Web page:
Australia’s Clean Energy Finance Corporation has celebrated hitting a milestone of $10 billion in lifetime investment commitments, and says it expects to continue to be a major investor in Australia’s transition to zero net emissions.
The milestone has been reached as the CEFC prepares to enter its tenth year of operation and is now established as one of the world’s largest government-backed green banks.
CEO Ian Learmonth said the CEFC has already secured the return of $2.8 billion of earlier investments and has access to a remaining pool of $4.7 billion of so far uninvested funds, providing significant room for future projects.
“The CEFC began operating with access to $10 billion in capital, a charter to catalyse private sector investment to cut emissions and a commitment to make a positive return for Australians through our investment activity,” Learmonth said.
“Working together with the private sector as Australia’s ‘green bank’, we are proud to report that our investments are making a positive difference right across the economy.
“As a specialist investor, we remain at the forefront of market developments from renewable energy generation to energy storage and cleantech innovation.”
Of the $10.3 billion invested to date, the CEFC said around $5.8 billion has been invested in renewable energy projects, $3.8 billion in energy efficiency projects and a further $764 million in ‘low emissions’ ventures.
Learmonth told RenewEconomy the green bank will continue to focus on investments in emerging areas for investment in clean tech and emissions reductions, supporting both new technologies and investors to enter the market.
This will include investments in new energy storage and grid projects, hard-to-abate industries, the hydrogen technologies and ongoing support for the electrification of transport and cutting emissions in the agricultural sector.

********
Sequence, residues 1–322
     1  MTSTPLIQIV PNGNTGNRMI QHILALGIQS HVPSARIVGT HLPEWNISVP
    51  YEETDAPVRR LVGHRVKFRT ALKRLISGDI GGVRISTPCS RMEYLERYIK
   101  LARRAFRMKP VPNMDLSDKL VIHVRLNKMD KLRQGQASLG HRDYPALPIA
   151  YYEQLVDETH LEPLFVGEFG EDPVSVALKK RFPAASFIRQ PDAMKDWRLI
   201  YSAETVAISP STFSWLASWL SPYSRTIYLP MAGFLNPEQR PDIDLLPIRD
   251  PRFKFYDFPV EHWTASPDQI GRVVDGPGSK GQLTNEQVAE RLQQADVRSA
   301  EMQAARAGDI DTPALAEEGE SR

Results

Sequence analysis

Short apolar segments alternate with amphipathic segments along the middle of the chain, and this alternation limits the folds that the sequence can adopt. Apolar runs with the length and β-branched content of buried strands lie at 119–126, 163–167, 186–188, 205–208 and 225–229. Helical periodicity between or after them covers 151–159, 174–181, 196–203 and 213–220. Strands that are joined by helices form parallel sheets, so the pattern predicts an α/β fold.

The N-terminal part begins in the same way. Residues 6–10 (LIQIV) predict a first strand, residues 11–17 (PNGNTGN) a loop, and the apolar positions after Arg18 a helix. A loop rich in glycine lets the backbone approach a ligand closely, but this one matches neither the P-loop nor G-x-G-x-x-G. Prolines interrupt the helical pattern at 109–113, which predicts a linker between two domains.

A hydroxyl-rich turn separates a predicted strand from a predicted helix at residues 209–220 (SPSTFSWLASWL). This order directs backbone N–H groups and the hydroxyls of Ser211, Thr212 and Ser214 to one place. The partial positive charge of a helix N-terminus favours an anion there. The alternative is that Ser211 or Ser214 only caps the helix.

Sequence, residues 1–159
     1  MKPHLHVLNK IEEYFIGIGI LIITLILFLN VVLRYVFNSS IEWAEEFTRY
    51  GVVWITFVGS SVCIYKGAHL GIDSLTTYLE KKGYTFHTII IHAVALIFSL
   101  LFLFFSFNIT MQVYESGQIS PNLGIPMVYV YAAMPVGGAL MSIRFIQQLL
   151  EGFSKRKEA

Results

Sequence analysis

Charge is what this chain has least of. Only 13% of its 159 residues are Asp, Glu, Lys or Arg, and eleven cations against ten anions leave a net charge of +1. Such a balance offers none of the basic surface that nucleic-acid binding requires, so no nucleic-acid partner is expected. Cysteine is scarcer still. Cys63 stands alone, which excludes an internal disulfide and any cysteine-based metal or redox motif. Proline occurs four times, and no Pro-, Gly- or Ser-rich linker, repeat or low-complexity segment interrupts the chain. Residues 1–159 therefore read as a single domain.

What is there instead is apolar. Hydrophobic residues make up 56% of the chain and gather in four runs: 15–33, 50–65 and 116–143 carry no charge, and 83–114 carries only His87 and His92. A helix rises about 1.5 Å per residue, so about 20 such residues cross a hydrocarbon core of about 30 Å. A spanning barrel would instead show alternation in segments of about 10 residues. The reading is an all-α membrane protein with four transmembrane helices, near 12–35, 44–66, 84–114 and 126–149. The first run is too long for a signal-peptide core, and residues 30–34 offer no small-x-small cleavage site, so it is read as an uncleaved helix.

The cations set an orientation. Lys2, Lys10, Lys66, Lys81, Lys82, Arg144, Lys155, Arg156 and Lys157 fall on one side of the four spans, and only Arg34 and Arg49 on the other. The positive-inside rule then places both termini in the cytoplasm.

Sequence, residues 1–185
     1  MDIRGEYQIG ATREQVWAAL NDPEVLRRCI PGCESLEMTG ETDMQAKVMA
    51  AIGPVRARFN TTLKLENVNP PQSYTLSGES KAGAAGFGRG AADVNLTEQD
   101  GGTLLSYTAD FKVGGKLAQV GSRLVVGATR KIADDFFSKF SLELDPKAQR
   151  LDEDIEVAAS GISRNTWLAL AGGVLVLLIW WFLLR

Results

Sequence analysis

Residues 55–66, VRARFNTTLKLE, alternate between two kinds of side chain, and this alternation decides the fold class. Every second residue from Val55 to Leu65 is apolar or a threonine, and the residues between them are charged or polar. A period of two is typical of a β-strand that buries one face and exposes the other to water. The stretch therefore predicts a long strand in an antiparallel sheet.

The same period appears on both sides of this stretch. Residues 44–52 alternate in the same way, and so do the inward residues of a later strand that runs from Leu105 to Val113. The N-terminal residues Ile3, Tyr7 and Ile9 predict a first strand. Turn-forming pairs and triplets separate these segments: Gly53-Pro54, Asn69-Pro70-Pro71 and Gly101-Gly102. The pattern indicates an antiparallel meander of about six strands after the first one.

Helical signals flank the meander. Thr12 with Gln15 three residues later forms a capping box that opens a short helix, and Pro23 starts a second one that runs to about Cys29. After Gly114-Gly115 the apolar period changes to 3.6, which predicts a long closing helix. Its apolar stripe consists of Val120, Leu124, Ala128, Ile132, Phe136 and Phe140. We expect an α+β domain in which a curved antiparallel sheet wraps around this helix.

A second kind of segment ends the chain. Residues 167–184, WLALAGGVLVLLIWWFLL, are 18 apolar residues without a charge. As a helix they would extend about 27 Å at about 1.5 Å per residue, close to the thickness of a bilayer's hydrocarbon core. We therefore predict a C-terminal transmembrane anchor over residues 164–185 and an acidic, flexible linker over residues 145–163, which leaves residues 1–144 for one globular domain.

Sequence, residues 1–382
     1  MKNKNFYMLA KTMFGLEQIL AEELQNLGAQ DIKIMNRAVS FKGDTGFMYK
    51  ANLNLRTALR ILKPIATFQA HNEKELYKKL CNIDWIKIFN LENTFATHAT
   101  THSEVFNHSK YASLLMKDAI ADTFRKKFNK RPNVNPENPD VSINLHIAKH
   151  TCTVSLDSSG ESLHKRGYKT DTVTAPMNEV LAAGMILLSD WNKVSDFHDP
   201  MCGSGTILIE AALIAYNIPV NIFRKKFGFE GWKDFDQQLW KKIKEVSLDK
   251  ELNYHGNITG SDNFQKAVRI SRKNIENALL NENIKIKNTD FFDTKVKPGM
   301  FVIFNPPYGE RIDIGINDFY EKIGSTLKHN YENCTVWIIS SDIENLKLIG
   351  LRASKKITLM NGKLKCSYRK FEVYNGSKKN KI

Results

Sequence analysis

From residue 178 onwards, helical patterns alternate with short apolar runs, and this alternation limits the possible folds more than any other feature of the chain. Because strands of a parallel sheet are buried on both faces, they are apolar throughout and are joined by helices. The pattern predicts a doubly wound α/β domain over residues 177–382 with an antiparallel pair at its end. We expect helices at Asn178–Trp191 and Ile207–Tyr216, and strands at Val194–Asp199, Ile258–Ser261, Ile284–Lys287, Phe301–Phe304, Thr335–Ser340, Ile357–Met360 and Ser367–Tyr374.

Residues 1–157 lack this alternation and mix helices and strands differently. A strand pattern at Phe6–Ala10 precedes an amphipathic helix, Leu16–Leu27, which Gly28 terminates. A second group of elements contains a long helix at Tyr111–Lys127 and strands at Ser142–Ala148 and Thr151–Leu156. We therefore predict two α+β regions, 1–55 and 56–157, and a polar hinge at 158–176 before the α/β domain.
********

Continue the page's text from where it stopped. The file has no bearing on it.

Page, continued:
Learmonth said the CEFC will also continue to provide investment support for further utility scale renewable energy technologies, building off its previous successes in areas like large-scale solar.
“Just as CEFC capital and expertise has helped transform Australia’s renewable energy sector, we must forge into new areas in the years ahead, decarbonising even the hardest sectors of our economy,” Learmonth said.
“Our role is to anticipate and respond to market conditions, developing new markets, building investor confidence and crafting tailored and innovative investment products.
“In filling market gaps where the private sector is absent, we are helping position Australia to take advantage of the employment and economic potential of the low emissions economy of the future.”
Learmonth said that the CEFC will also look to ‘crowd-in’ private sector funds from new investors, including from larger institutional investors, as well as fostering Australia’s emerging venture capital sector for clean energy technologies.
The CEFC was created by the Gillard government as part of its package of policies introduced with the now-repealed carbon price.
It was designed to become an active investor in the emerging clean technology space, funding projects that has led to reductions in greenhouse gas emissions while generating positive investment returns for taxpayers.
The fund started with an initial allocation of $10 billion but has worked to grow that amount by successful investments in profitable clean energy projects, while supporting an estimated 200 million tonnes of emissions reduction.
The CEFC survived attempts by subsequent Coalition governments to abolish it altogether and has gone on to underpin around $36.5 billion in clean energy investment, achieving a level of leverage where each dollar of CEFC investment secures $2.50 of private sector investment.
It has also so far avoided attempts by the current Morrison government to open up the fund into a range of its preferred technologies, including gas investments and carbon capture and storage projects.
The CEFC made $1.37 billion worth of investment commitments in the 2020-21 financial year and has already made almost $950 million worth of the investments in the current financial year to date – with Learmonth adding that he anticipated the CEFC continuing to make around $1.5 billion of new investments each year.
Michael Mazengarb is a journalist with RenewEconomy, based in Sydney. Before joining RenewEconomy, Michael worked in the renewable energy sector for more than a decade.